directions, based on whether the batter is left-handed or right-handed. However, on the player
rating charts, what side a hitter bats from is not listed. So you'd better know your players well,
or you're going to have to do some research.

But enough for basic results: now on to other ratings. Pitchers are rated for stamina. Let's say
a pitcher is rated PC-7 (as in "Pitcher's Chart 7"): If he gives up 4 or more earned runs before
the 7th, you move up two charts each successive inning. The higher the chart the more "H's" that
appear in the squares. One can quickly appreciate how quickly a pitcher deteriorates in this game,
moving up two pitcher charts per inning. Relievers are rated similarly, but the PC rating refers to
batters he can face before you start jumping up charts. So, a PC-8 reliever can face 8 batters
before tiring.

There are only two ground ball and fly out charts, each with 100 different results. One ground out
chart is for the bases empty or with the infield back and 2 outs; the other is for runners on base
or the infield back (DP range) with less than 2 outs. One fly out chart is for a lead runner on 2nd
or 3rd or less than 2 outs; the other for all other situations. In one optional rule you would check
for an error only if there is a asterisk after the result; or, as previously mentioned -- and the way
I play — you check for an error after every play (except I don't check for an error on the catcher
after a strikeout).

For base stealing, first you roll the dice to see if the pitcher holds the runner. If he doesn't
then you proceed with the stealing procedure, in which you match the catcher's throwing rating
(A-D) against the runner's steal rating (on a 100 scale). Similar to the procedure for a base runner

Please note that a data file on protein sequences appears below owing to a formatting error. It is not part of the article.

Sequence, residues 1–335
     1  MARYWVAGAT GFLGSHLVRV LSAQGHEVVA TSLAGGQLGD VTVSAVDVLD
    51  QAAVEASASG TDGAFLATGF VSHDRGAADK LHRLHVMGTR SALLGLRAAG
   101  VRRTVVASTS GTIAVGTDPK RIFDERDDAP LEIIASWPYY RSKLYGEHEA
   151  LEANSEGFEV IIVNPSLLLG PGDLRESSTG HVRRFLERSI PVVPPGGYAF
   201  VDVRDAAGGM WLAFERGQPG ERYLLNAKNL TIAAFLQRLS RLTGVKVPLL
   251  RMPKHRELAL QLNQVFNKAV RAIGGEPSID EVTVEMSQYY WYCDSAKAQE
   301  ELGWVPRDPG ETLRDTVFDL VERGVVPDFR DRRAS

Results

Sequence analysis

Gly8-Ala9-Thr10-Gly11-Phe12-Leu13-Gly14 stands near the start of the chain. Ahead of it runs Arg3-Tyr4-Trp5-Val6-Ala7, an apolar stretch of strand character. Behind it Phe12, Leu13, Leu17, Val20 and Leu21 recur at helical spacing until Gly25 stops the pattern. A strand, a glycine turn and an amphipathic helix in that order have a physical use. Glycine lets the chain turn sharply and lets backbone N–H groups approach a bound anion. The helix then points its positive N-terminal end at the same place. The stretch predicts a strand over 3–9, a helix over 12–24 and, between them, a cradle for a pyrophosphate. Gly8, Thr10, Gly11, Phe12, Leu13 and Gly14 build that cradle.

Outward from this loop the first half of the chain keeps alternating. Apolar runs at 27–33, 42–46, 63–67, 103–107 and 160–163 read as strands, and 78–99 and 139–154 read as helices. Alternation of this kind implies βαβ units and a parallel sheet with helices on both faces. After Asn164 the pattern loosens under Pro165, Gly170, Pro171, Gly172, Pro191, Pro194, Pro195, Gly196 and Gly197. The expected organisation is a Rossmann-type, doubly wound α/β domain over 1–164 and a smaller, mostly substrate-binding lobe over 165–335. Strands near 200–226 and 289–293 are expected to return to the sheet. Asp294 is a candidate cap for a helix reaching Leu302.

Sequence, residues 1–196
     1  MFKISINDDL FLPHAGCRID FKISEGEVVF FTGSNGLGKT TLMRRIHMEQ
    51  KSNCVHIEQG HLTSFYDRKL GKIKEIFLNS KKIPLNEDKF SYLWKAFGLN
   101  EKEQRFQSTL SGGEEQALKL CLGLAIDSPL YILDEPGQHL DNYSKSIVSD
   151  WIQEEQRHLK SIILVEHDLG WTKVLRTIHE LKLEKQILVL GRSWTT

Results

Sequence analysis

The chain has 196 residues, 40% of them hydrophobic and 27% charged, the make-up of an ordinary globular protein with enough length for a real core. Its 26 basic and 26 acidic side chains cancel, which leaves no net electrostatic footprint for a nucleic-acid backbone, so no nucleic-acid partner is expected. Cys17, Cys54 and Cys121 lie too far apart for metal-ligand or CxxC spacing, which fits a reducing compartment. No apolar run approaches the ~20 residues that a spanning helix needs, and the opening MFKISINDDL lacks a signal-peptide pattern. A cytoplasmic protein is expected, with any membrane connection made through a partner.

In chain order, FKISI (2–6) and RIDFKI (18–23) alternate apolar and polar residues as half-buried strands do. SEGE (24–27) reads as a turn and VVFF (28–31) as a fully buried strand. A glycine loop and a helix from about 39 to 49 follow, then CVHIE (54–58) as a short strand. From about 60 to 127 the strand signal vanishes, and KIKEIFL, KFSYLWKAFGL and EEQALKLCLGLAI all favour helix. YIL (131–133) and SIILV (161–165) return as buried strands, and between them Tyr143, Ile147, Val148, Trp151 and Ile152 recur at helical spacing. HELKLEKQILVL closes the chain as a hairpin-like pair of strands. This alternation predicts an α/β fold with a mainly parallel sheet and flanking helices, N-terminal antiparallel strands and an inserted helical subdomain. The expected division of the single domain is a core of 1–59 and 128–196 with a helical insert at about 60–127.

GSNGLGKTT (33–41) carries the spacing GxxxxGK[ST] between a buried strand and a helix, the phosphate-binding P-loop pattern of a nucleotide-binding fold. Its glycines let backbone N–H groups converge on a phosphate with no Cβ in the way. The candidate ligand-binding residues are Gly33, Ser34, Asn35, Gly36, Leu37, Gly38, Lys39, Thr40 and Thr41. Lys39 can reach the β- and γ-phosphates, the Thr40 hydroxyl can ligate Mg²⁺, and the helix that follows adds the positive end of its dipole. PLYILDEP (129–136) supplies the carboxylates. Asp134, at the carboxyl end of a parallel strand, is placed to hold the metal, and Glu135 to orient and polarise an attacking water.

advancement, you combine these ratings and roll two d10s and check a chart which gives a number
that affects the final number against which you roll two d10s to get the final result: if the number
is less than or equal to the runner's number total, he's safe.

Players have a Sacrifice rating (letter and number) and can bunt for a hit or for a sacrifice, again
by checking a chart and rolling to get a final number and checking it against a 1-100 scale. There
is also a squeeze chart for that situation.

A chart exists for hit-and-run, too, by doing the normal check for a hit: If it's a hit, then
all runners advance two bases; if a strikeout you have to deduct a particular number from the
runner's steal rating and proceed with the steal procedure; if an out, you consult the special
hit-and-run chart.

On certain fielding plays, symbols tell you that you have to make particular rolls for determining
safe or out on base runner advancement, or whether fielders are able to turn double plays.
There is also a chart for fly outs or ground outs in hit-and-run situations.

Comments
It's obvious that playing Dugout Dreams requires a lot of dice-rolling. This is not to say,
however, that this makes it a bad game. I would say that if you wanted to own and play
this game, you would probably want to commit to playing it a lot, so that over time you would
become familiar with the results on the charts as well as the player ratings, all of which would
speed up play and fulfill the claim that resolving plays takes "seconds" rather than minutes.
(For instance, I played a game between the 1971 Phillies and the 1971 Pirates: it didn't
take me long to get it into my head that the strikeout ranges for the respective starting pitchers,
Chris Short and Doc Ellis, were 1-18 and 1-20, respectively.)

On the other hand, the amount of dice-rolling makes one ponder the question of whether
the extra rolling is worth the extra time it takes to do so, compared to other games like
APBA, Dynasty, Replay, or Strat-O-Matic, which don't require as many dice rolls to resolve action.
Then the question becomes whether Dugout Dreams is so much better than these competitors
that it's worth taking the time to do the extra amount of rolls this game requires. I have played
all of the above, and other baseball simulations, including Statis-Pro, Superstar! Baseball, and
Extra Innings, and based on the 3 or so games I've played of Dugout Dreams (with the 1948
and 1971 charts), I think it would be a long stretch to claim that this game is better than its
competitors, no matter how many or how few dice rolls one has to make or how many charts
one has to consult. I say that primarily because of the time factor involved in the dice-rolling
-- not because it may not be statistically accurate or not feel like baseball. On the other hand,
I've played Sherco Baseball, and Dugout Dreams is probably more in keeping with the time